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Compare any two graphics cards:
Radeon HD 5750 1GB vs Radeon HD 6750 1GB
IntroThe Radeon HD 5750 1GB features core clock speeds of 700 MHz on the GPU, and 1150 MHz on the 1024 MB of GDDR5 RAM. It features 720(144x5) SPUs along with 36 TAUs and 16 Rasterization Operator Units.
Compare that to the Radeon HD 6750 1GB, which uses a 40 nm design. AMD has clocked the core speed at 725 MHz. The GDDR5 memory runs at a speed of 1000 MHz on this model. It features 720 SPUs along with 36 TAUs and 16 ROPs.
Power Usage and Theoretical BenchmarksBoth cards have the same power consumption.
The Radeon HD 5750 1GB should theoretically perform a small bit faster than the Radeon HD 6750 1GB in general. (explain)
Texel RateThe Radeon HD 6750 1GB will be a bit (more or less 4%) faster with regards to texture filtering than the Radeon HD 5750 1GB. (explain)
Pixel RateIf running with lots of anti-aliasing is important to you, then the Radeon HD 6750 1GB is superior to the Radeon HD 5750 1GB, but not by far. (explain)
Please note that the above 'benchmarks' are all just theoretical - the results were calculated based on the card's specifications, and real-world performance may (and probably will) vary at least a bit.
Please note that the price comparisons are based on search keywords - sometimes it might show cards with very similar names that are not exactly the same as the one chosen in the comparison. We do try to filter out the wrong results as best we can, though.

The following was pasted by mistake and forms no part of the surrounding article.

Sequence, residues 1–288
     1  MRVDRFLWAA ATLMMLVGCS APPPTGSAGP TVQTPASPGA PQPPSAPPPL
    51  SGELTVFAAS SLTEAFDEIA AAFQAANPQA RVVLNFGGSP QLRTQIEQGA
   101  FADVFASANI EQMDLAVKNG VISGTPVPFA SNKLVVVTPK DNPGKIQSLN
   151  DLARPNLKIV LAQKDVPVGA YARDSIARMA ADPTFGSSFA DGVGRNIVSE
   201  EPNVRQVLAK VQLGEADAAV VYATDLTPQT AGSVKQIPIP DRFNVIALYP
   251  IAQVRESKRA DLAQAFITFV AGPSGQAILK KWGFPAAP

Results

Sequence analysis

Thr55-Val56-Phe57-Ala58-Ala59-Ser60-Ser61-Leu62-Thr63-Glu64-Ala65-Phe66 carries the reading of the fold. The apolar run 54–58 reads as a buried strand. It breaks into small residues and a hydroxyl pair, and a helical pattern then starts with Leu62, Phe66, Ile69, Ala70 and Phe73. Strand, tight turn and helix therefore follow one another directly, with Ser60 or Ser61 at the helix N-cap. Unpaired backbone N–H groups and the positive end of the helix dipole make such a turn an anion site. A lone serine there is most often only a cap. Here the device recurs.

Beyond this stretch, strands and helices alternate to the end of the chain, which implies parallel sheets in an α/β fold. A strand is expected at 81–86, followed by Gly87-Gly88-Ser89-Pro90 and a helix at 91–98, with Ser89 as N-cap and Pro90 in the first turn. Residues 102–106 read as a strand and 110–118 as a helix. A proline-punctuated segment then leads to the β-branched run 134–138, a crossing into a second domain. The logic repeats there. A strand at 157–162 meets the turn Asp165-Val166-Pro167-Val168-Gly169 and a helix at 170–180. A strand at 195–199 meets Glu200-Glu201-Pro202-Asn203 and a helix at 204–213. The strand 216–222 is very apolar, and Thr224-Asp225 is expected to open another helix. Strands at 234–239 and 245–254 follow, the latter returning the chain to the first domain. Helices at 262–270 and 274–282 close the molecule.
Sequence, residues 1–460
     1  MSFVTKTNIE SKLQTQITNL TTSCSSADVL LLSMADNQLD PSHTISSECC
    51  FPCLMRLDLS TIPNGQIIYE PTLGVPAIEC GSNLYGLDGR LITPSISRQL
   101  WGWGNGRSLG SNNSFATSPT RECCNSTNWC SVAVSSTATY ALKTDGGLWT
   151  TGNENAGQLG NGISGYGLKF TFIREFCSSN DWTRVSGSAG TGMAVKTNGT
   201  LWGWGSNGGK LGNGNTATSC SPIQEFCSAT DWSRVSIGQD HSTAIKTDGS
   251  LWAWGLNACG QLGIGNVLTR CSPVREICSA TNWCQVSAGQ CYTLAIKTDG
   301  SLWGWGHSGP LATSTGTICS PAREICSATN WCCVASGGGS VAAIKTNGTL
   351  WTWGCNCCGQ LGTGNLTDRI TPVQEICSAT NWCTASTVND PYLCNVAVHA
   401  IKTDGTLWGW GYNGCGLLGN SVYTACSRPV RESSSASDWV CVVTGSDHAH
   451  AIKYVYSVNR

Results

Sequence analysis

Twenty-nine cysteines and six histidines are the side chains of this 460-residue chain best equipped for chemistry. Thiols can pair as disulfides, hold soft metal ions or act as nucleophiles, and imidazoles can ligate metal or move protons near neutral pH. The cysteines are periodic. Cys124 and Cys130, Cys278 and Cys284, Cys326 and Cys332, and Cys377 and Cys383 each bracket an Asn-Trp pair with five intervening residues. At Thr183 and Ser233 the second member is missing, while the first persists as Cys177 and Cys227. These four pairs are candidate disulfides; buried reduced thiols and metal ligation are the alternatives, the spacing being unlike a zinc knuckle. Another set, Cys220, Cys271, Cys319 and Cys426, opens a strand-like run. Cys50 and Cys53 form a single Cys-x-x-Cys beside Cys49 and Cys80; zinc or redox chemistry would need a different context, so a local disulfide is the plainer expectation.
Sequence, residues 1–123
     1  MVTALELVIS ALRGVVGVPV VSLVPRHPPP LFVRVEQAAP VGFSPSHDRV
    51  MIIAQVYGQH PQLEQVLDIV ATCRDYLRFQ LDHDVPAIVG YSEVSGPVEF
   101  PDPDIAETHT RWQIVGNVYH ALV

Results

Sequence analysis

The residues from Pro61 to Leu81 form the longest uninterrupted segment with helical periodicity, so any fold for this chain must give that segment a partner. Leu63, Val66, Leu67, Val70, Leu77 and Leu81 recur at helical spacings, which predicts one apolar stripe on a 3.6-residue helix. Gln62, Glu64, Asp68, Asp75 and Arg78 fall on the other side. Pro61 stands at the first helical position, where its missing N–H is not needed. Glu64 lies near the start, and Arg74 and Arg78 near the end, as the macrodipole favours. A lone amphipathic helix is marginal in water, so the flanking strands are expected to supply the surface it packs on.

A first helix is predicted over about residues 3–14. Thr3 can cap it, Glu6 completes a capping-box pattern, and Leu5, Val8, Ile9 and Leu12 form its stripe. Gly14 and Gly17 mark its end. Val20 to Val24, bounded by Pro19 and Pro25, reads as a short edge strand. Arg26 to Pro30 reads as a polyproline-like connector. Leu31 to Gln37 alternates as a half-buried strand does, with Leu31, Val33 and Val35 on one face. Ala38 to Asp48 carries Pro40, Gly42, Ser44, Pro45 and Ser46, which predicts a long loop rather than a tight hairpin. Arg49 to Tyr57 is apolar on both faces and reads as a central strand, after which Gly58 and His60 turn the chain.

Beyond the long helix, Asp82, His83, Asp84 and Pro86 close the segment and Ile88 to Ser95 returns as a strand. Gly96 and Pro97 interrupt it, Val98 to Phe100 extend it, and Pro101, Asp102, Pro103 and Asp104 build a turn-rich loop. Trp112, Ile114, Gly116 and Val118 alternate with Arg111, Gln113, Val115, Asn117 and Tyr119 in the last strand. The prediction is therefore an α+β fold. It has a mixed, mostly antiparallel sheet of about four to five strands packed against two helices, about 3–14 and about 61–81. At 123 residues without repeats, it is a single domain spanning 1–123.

Memory Bandwidth: Bandwidth is the maximum amount of information (measured in megabytes per second) that can be transported over the external memory interface within a second. The number is calculated by multiplying the interface width by its memory speed. If the card has DDR memory, the result should be multiplied by 2 again. If DDR5, multiply by ANOTHER 2x. The better the card's memory bandwidth, the better the card will be in general. It especially helps with anti-aliasing, HDR and higher screen resolutions.
Texel Rate: Texel rate is the maximum number of texture map elements (texels) that are processed in one second. This number is worked out by multiplying the total amount of texture units by the core speed of the chip. The better the texel rate, the better the graphics card will be at texture filtering (anisotropic filtering - AF). It is measured in millions of texels applied per second.
Pixel Rate: Pixel rate is the most pixels the video card could possibly record to its local memory in a second - measured in millions of pixels per second. Pixel rate is calculated by multiplying the number of ROPs by the the card's clock speed. ROPs (Raster Operations Pipelines - also called Render Output Units) are responsible for outputting the pixels (image) to the screen. The actual pixel fill rate is also dependant on lots of other factors, most notably the memory bandwidth - the lower the memory bandwidth is, the lower the ability to reach the maximum fill rate.